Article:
We just arrived at our new place in Kentucky and were immediatly called to the fence by our new neighbor, Delford.
Yes, really, his name is Delford. And yes, he does drive a tractor.
He wanted to get a feel for us, remind us to always close the pasture gate so the goats don’t come over and eat his flowers and garden, and generally make small talk about the weather (him, not the goats…although that would make for awesome goats). He asked if we like fresh tomatoes (who doesn’t?!) and said he’d bring some by as soon as they are ripe.
The next day he showed up on our door step with a big bag full of squash and cucumbers. Tomatoes will be here in a few more days, he says.
Then he invited us to his home for a Fourth of July BBQ…
…this is where I have to back up a bit and explain a little something: I honestly thought I was a decent cook and baker until I got here. I can no longer claim to know my way around a kitchen with a straight face. Since arriving in Kentucky I’ve been blown away by true Southern Cooking. I have tasted greatness, and it tastes nothing like what comes out of my oven. Nothing.
I’m having a bit of an identity crisis, really. A delicious, homemade identity crisis. But I’m OK with that; I have big plans to learn how to cook and bake like the local ladies, and be better (and maybe a little fatter) for it.
So having just moved 36 hours earlier, I scrambled to find my cooking equipment and whip up something to bring to the BBQ. I made my Nana’s Chocolate Cake--the only thing I thought could hold its own when surrounded by so much culinary, home-made-from-scratch greatness on the potluck table.
I was wrong.
I totally botched it.
I didn’t have butter, so I used margarine (HUGE mistake no.1); then I forgot to add the cream to the fudge frosting, which resulted in crumbly, dry (though still tasty, if a little burnt) piles of…fudge. It was sort of legendary, really, in its total, complete and utter failure. I will always remember the poor chocolate catastrophe as “the thing that looked like woodland creatures shat on it, but still tastes OK”
Don’t even think about asking for a picture.
So not only was I already feeling self-conscious about my cooking skills, but then the first thing I made was…that.
I didn’t want to bring it, and certainly not to a party full of great home cooks. But the only thing worse than bringing a crappy chocolate cake is to not bring anything at all, which is when I remembered something my girlfriend Shelley had told me several years ago.
Shelley and I had started a traveling dinner party that met every other Monday, we talked a lot about food and Shelley was even reading Julia Child’s biography. Shelley told me that Julia Childs said to never apologize for your food, no matter how badly you screwed up. Not even when it looks like rabbits and goats shat all over it. Just smile and present it.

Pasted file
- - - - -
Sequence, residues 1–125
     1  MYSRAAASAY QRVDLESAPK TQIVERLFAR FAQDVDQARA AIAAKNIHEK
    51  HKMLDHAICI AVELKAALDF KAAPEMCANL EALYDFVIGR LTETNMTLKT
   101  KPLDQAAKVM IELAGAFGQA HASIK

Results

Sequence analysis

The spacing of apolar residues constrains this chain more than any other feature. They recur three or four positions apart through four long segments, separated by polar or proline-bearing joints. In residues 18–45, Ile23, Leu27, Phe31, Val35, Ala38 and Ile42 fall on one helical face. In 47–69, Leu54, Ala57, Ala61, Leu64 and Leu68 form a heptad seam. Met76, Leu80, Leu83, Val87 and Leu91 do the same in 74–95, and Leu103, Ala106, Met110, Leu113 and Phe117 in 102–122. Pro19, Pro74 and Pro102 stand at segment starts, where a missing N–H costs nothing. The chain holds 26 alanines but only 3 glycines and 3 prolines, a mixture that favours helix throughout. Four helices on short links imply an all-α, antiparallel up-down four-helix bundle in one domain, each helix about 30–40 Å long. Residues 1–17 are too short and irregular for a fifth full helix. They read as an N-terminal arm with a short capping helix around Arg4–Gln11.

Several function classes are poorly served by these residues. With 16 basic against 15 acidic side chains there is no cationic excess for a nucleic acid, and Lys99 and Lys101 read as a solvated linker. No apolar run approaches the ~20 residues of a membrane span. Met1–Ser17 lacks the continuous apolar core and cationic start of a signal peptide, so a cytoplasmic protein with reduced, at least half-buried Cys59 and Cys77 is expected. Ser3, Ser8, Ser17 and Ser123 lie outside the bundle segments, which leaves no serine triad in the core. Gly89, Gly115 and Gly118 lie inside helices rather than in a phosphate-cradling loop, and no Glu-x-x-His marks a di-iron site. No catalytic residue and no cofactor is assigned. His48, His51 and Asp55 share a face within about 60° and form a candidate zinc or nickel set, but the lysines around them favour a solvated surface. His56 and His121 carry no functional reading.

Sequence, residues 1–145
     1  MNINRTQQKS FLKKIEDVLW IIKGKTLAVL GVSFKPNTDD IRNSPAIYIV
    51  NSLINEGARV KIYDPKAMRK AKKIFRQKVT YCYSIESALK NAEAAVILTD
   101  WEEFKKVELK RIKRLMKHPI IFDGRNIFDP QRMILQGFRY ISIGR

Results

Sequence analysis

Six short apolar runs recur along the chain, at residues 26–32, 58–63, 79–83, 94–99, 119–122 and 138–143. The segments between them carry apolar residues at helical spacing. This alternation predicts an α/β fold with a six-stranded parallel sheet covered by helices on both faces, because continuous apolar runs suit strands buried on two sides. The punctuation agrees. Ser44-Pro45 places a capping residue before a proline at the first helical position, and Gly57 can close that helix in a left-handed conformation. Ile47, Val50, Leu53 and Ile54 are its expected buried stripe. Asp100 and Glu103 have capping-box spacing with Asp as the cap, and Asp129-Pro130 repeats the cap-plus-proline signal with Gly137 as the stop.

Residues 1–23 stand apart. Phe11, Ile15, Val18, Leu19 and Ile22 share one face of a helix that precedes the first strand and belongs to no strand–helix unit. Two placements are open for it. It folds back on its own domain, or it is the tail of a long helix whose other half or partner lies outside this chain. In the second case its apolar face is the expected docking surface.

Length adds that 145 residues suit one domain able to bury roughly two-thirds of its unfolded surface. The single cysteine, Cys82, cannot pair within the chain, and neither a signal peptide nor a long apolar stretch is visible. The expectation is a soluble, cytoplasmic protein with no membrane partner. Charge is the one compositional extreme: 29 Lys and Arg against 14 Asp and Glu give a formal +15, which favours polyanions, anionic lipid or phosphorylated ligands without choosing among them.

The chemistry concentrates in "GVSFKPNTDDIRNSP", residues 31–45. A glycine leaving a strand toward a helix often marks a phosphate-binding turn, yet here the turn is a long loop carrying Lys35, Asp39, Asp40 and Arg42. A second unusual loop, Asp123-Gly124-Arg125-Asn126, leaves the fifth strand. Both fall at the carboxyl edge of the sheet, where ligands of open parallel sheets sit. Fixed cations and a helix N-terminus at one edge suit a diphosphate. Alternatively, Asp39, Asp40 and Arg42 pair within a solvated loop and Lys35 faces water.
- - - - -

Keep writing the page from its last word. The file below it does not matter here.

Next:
I’d never really needed that advice before, because, y’know, I’m a fabulous cook and baker…ha!
So on Sunday, when the Unfortunate Chocolate Cake Catastrophe came out of my oven, and no matter how hard I tried, the frosting just continued to crumble and look even more like animal waste, I heard Shelley, and Julia Childs, tell me to take a deep breath and put a smile on my face; to present my cake as if this was how it was supposed to be; no one would know the difference and telling them would just make them uncomfortable and call attention to exactly what I didn’t want any attention on.
Just present it with a smile on your face. No apologies, no excuses, just bring a smile and a plate full of…whatever the hell my Nana’s chocolate cake had mutated in to.
So I did.
And people ate it.
And had seconds. And were so kind about it.
God I love the South.
That’s a great story and all, but what the hell does that have to do with Summer Squash Casserole? Well, I’m glad you asked.
Seated right next to my Chocolate Cake of Doom was Delford’s Wife’s Summer Squash Casserole, made fresh from his garden squash that day.
And Matt raved about it. It was pretty freakin’ awesome. And since Delford brought us a big bag of the stuff, I thought, heck, I’m going to start learning to cook like a Southern Lady and make this, too.
So here it is, a fantastic southern recipe (the first of many to come, I hope). This specific version is from Paula Deen…who seems to have Savior -like status down here.
- 6 cups large diced yellow squash (and zucchini if you are low on squash)
- Olive oil
- 1 large onion, chopped
- 4 tablespoons butter
- 1/2 cup sour cream
- 1 teaspoon House seasoning (1/4 cup salt; 1 Tablespoon black pepper; 1 Tablespoon garlic powder)
- 1 cup grated cheddar cheese
- 1 cup crushed butter crackers (Ritz)
Preheat oven to 350 degrees F.
Saute the squash in a little vegetable oil over medium-low heat until it has completely broken down, about 15 to 20 minutes. Line a colander with a clean tea towel. Place the cooked squash in the lined colander. Squeeze excess moisture from the squash. Set aside.
In a medium size skillet, saute the onion in butter for 5 minutes. Remove from pan and mix all ingredients together except cracker crumbs. Pour mixture into a buttered casserole dish and top with cracker crumbs. Bake for 25 to 30 minutes.